Glaucon begins his argument to Plato by separating goods into three classes. The first class is composed of intrinsic goods that we welcome for our own sake, stripped of their consequences, such as happiness. The second class is the type of good that we like for our own sake as well as its consequences, such as health and knowledge. The third class is an extrinsic good that we desire only for their consequences, such as physical training and medical treatment. Plato believes that justice belongs in the second class of goods that we like because of itself and its consequences, while Glaucon suggests that it belongs in the third class of...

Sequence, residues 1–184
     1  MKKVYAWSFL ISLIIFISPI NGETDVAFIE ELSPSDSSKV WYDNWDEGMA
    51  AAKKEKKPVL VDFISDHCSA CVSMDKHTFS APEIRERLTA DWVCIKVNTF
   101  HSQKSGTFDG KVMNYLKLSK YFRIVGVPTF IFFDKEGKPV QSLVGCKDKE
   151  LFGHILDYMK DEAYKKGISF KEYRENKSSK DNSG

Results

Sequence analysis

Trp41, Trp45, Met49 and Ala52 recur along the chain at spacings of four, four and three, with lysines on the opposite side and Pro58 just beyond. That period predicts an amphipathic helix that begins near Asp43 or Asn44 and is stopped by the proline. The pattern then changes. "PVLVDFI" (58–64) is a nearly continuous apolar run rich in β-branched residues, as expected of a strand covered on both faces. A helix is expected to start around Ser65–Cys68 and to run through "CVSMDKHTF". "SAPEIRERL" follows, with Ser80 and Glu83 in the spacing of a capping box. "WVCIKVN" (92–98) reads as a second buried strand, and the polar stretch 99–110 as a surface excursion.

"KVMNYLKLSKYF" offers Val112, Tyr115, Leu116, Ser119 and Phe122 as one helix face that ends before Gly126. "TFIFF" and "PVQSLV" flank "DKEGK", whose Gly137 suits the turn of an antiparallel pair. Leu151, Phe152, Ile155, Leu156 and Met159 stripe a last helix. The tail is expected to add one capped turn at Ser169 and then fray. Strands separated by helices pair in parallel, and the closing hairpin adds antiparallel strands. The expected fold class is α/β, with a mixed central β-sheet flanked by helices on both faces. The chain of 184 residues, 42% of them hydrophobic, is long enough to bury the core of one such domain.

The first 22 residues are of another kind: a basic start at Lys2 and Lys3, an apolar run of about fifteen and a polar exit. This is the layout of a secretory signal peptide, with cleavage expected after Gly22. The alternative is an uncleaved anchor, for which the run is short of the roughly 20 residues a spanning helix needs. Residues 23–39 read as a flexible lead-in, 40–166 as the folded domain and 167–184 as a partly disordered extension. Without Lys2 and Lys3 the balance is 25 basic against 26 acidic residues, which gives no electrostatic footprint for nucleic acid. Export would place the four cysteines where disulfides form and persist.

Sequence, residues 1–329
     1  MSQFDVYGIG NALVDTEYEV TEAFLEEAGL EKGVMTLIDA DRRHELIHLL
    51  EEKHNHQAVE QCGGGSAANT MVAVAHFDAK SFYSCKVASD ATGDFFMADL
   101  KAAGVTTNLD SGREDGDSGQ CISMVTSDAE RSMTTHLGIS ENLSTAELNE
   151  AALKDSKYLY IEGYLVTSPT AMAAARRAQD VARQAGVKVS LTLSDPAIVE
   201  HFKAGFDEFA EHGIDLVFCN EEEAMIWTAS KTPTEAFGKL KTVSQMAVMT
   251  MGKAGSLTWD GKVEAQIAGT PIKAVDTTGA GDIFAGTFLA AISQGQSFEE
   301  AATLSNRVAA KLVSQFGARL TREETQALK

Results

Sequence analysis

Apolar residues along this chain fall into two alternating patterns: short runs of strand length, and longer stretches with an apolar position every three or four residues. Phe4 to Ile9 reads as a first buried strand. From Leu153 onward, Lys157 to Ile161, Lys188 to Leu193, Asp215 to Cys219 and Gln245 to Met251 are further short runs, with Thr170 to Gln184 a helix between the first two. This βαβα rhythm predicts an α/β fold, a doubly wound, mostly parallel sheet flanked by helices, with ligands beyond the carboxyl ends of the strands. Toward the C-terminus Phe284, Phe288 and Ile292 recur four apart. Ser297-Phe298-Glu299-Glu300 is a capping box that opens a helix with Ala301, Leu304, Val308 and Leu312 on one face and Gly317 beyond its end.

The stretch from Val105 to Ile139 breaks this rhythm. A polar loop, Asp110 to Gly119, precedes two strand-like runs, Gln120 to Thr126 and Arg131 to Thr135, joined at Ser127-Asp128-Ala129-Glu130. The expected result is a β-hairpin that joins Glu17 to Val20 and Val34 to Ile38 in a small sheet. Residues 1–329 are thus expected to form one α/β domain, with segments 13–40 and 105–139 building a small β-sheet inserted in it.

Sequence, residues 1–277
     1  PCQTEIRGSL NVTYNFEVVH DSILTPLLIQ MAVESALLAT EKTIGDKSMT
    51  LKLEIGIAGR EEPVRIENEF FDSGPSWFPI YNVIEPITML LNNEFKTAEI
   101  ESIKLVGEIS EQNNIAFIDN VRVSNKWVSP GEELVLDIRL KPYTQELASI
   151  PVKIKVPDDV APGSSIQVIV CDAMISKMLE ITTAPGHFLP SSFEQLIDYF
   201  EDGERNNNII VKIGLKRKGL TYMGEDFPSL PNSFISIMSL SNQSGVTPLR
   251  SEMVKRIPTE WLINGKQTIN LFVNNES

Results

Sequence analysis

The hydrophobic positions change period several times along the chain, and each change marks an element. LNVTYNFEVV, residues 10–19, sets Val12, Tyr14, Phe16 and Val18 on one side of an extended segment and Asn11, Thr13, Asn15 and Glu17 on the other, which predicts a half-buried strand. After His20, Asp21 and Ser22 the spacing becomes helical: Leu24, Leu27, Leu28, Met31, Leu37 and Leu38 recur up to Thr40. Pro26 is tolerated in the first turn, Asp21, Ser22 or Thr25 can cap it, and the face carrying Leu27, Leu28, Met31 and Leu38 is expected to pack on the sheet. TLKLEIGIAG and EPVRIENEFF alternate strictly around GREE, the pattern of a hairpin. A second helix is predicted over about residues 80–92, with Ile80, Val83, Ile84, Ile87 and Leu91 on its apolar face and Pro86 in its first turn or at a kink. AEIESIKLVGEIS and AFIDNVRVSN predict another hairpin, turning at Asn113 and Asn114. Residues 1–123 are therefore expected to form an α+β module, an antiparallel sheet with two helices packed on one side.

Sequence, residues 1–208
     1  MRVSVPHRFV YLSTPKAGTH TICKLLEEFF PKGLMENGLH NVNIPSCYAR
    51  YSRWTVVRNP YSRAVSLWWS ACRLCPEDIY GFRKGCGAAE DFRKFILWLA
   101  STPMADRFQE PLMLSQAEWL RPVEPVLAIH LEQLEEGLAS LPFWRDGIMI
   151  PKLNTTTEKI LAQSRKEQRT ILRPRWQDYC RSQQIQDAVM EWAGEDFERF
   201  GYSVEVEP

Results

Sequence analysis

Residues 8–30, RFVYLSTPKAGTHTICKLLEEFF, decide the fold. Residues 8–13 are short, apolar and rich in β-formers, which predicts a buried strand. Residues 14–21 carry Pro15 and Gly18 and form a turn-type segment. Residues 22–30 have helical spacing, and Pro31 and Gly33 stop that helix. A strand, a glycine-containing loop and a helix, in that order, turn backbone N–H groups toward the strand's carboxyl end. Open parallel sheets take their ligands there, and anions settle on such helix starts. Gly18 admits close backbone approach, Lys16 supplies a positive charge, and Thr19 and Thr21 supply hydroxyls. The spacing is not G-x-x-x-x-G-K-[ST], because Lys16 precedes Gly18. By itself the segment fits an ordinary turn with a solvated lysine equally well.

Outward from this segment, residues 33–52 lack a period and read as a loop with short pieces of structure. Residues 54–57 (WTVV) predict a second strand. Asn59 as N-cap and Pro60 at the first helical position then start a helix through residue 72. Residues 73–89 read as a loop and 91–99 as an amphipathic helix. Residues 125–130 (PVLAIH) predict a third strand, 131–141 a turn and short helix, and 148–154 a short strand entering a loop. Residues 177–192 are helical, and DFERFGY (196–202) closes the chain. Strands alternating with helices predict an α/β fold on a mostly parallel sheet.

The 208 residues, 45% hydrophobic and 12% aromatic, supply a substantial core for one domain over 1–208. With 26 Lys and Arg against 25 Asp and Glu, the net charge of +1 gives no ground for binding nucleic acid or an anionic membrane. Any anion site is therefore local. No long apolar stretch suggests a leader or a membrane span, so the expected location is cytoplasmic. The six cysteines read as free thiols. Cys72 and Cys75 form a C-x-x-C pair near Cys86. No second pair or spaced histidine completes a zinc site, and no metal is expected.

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...cting unjustly. Therefore, justice is determined to be intrinsically valuable from the negative intrinsic value of injustice that was demonstrated, as well as from parts of the soul working together correctly. Glaucon also wants Plato to show that a just life is better than an unjust life. It has been shown that when the soul is in harmony, it only acts justly. It is in a person’s best interests to have a healthy soul, which is a just soul, so that the person can be truly happy. This means that by showing justice has an intrinsic value, it can also be concluded that it is better to live a just life opposed to an unjust life. The conclusion that I have drawn is that Plato’s argument against the intrinsic value of injustice is sufficient to prove that the just life is superior, even if the unjust life may be more profitable.
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